Double Time vs Overtime vs Time And A Half – What’s The Difference?
Paying hourly employees is much more complicated than it would seem.
The Fair Labor Standards Act (FLSA) is your guide—it defines when workers are determined to be on the clock, and which employees are exempt from FLSA rules. But state laws can add another layer of complexity on top of that. That makes handling complicated timesheets very difficult without some form of payroll automation.
Knowing the difference between double time, overtime, and time and a half—and when to pay each—is necessary to get payroll correct. We’ll start by defining what these pay structures are, and the best way to handle it all when it comes to calculating hourly employee wages.
Before we get started, keep in mind that according to the FLSA, a workweek is considered to be seven consecutive 24-hour periods. You don’t have to have the same workweek for every employee group or location, but it does need to be documented and regular once you’ve selected it.
The FLSA doesn’t limit how many hours a day an employee over the age of 16 can be required to work.
Sometimes known as “double overtime,” double time is paying an employee twice their normal rate of pay. If you earn $15/hr, you’ll get $30/hr with double time.
Here’s the thing: the FLSA doesn’t cover double time, and unless employers are paying employees in California or have union agreements that require it, they aren’t required to offer it.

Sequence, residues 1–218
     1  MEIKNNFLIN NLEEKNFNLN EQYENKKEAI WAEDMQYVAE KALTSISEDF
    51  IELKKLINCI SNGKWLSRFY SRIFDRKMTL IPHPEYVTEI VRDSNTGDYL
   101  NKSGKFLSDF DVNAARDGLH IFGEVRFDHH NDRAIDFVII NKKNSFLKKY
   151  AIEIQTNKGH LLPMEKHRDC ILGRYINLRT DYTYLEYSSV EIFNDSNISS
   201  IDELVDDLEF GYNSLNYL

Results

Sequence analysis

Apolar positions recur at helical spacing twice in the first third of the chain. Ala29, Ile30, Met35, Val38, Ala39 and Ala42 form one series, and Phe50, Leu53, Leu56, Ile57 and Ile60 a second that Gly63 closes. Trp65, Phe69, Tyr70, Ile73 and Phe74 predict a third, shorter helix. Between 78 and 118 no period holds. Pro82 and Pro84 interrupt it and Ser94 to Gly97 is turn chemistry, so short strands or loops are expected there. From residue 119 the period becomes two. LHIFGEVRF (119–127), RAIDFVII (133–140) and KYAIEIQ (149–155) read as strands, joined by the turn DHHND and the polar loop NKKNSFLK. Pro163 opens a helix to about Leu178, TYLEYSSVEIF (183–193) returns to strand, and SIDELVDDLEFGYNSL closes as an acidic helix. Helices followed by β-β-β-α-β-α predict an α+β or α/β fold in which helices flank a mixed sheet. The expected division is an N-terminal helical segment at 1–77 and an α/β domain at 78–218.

Employers sometimes offer double time pay in order to fill unpopular shifts. Double time is sometimes paid for working on federal holidays or when hours exceed the normal workweek or workday, depending on employer policy.
How to calculate double time
Employer-offered double time calculations will be unique to that employer. In California, the only state in the U.S. with actual double time laws, the rules can be broken down as follows:
- Did you work 12 hours in a day? If yes, you should get double time for hours over that.
- Did you work 7 consecutive days in the current pay period? If yes…
- Did you work more than 8 hours on that seventh day? If yes, then you should get double time pay for hours over that.
Again, the state you live in, union agreements, and employer policy determines whether double time pay is an option for an hourly employee, as well as how it would be calculated.
Salaried workers who are eligible for double time have to convert their salary down to an hourly rate in order to apply the same rules.
The FLSA requires that nonexempt employees (i.e. generally those who are not salaried, with some exceptions) are paid overtime when they work more than 40 hours in a workweek.
By law, no employee can waive overtime pay. Even if overtime occurs due to employee error, no employer can demand hours be made up without offering eligible overtime pay.
In some states, like Alaska, California, and Nevada, eligible employees must be paid overtime if they exceed eight hours in a day. Other states set different limits based on the kind of work employees are doing.